"Lift not the painted veil which those who live call Life" Percy Bysshe Shelly
When vane Kitty Garstin (Naomi Watts, "King Kong") overhears her mother praising her younger sister's marital catch while deeming her past her prime, Kitty accepts the offer of prim bacteriologist Walter Fane (Edward Norton, "The Illusionist"), who promises to do anything to make her happy and an exotic life in Shanghai. Bored with her new husband, Kitty embarks on an affair with married British diplomat Charlie Townsend (Liev Schreiber, 2006's "The Omen"), but is astonished by her husband's passion when he discovers the infidelity, offering her the equally unappealing choices of divorce or a trip to a cholera infested interior city in third adaptation of the Somerset Maugham novel, "The Painted Veil."
Screenwriter Ron Nyswaner ("Philadelphia") has seemingly staked his adaptation on Kitty's famous line 'As if a woman ever loved a man for his virtue,' a line Naomi Watts delivers with understated nonchalance. When first married, Kitty Fane doesn't bother to interest herself with her husband's career, instead finding his work an obstacle to her own amusements, but once he's shocked her out of her own shallow head, Kitty's personal growth is spurred by her husband's virtues and she finds she comes to love this man.
Initially, director John Curran ("We Don't Live Here Anymore") keeps our focus on Kitty. We watch as she accepts Walter's proposal with guarded enthusiasm then finds Shanghai thin on frivolous entertainments. Walter accepts a dinner engagement Dorothy Townsend (Juliet Howland, "Iris"), a woman Kitty disparages, but she is enthralled by the Chinese Opera the Townsends take them to, especially when Charlie intuits Kitty's feelings to whisper a biographical interpretation in her ear.
The focus begins to shift to Walter when Norton so ably demonstrates how still waters run deep. Fane's fury that the woman he recognized as selfish and shallow when he married her should nonetheless so easily betray him astonishes Kitty, even though she is quite aware that he loves her. She is astonished again when Walter gambles and wins, offering her a quiet divorce on the condition Townsend divorces as well to marry her. When she discovers the love she took for granted was spurned for empty promises, she agrees to accompany her husband to Mei-tan-fu, defeated.
Norton and Watts, who also produced the film, are exquisitely paired with their roles, seesawing over that charged, pivotal event. After the arduous journey (beautifully photographed by Stuart Dryburgh, "The Beautiful Country"), Norton's prissy affability turns to cold disdain while Watts shows Kitty's education slowly opening her eyes. This begins with a conversation with their lone neighbor, the local consul Waddington (Toby Jones, "Infamous," so much better and deeper here), whom she attempts to use as a mail courier to contact Townsend. Upon seeing the name, Waddington innocently gossips about the man's reputation and his wife's dismissal of his 'second rate' lovers. Waddington proves even more of an education when Kitty's initial impression of him as a libertine proves untrue. Curran intercuts Kitty's days with Walter's, showing the man's determination to discover the cause of the disease that is killing hundreds, and when Kitty begins to work with the children in the convent, Norton shows Walter cautiously beginning to melt. Watts's eyes begin to shine with admiration when she hears her husband's work praised by the nuns she has begun to love and she takes a stand to fight for her man. When the two finally come together in passion, the scene is charged.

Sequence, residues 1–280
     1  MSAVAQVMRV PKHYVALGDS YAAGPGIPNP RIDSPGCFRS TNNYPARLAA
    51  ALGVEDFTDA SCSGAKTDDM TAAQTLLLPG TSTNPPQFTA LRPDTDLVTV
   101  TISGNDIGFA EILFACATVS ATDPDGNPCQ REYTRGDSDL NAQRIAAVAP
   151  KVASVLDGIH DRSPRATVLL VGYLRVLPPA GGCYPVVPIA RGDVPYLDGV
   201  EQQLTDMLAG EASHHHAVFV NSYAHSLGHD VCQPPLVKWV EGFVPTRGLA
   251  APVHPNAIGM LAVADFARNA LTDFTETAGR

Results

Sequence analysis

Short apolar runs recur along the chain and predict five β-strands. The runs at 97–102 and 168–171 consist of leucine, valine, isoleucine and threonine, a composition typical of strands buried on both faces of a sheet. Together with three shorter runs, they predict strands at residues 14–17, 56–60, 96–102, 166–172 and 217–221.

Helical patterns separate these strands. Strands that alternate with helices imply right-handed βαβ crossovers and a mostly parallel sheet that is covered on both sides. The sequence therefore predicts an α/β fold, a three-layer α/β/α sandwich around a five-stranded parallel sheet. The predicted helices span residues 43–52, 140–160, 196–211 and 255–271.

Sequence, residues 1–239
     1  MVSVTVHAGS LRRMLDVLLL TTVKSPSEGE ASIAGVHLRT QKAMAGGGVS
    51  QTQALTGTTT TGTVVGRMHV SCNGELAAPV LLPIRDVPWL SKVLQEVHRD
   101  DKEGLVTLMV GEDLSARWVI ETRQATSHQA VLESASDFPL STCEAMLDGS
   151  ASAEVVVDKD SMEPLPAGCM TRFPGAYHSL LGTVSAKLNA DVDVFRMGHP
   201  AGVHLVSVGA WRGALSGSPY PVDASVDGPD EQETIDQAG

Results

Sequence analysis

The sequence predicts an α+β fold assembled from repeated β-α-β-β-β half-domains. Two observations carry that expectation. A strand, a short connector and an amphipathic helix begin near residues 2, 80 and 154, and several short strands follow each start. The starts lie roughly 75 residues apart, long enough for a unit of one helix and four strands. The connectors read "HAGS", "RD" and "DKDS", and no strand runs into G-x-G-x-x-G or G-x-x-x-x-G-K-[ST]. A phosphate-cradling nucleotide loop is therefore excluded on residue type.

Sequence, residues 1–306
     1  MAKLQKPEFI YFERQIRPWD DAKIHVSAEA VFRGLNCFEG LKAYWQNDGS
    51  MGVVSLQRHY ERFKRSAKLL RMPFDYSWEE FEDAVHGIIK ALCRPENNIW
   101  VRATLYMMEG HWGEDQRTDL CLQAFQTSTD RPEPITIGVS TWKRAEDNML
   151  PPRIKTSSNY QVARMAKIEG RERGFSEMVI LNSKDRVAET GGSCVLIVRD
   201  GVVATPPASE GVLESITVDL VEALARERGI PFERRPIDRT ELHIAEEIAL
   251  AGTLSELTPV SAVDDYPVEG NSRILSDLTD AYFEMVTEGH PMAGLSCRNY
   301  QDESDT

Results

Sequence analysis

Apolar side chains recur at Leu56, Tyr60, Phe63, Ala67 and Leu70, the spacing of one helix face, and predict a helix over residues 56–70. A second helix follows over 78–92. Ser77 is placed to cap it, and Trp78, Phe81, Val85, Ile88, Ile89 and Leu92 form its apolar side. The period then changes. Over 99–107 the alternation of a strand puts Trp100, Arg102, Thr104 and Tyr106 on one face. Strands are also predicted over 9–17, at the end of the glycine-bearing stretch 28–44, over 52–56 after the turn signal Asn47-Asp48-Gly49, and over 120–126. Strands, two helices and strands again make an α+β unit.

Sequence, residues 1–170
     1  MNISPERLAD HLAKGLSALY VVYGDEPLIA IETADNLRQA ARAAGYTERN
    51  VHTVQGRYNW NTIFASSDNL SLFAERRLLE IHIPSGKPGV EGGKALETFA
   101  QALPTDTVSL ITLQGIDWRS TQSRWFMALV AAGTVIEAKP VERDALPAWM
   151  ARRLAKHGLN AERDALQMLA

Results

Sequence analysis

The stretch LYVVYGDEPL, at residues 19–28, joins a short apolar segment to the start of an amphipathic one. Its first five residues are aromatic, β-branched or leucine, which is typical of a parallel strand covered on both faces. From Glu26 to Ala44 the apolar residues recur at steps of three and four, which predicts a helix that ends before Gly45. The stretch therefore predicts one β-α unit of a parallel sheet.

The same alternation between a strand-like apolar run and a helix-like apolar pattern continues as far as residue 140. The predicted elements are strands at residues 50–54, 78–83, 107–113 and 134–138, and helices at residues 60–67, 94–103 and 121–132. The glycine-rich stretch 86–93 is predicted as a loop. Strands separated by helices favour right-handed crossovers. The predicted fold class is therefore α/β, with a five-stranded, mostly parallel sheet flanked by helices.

Curran is not only blessed with the talents of his producer/stars however. The marital ying and yang is matched by the opposing motivations of Colonel Yu (Anthony Wong Chau-Sang, the "Infernal Affairs" trilogy), who is charged with keeping order and assisting Fane in an environment hostile to foreigners while the convent's Mother Superior ("The Avengers'" Diana Rigg) is converting the town's orphaned children to Christianity while acting as marital advisor to Kitty (Rigg is marvelous and has a wonderful speech about the different shading duty takes when combined with love). Toby Jones echoes Kitty's men, setting expectations one way, then proving far more admirable. Jones gives the character a deep world weariness that explains his acceptance of a life tucked away. Li Feng offers sentimental comic relief as Sung Ching, the chubby soldier assigned to keep the initially resentful Kitty from harm. Schreiber, who became engaged to Watts after filming, is dangerously convincing as the calculating, manipulative diplomat.
The film's visual splendor is about more than scenery as Dryburgh attains first character definition, then emotional wallop with early and late closeups of Walter's bare foot. Alexandre Desplat's ("Birth," "The Queen") score echoes the film's characters, surface prettiness not quite covering an insistent, agitated piano.
Robin's review coming soon!
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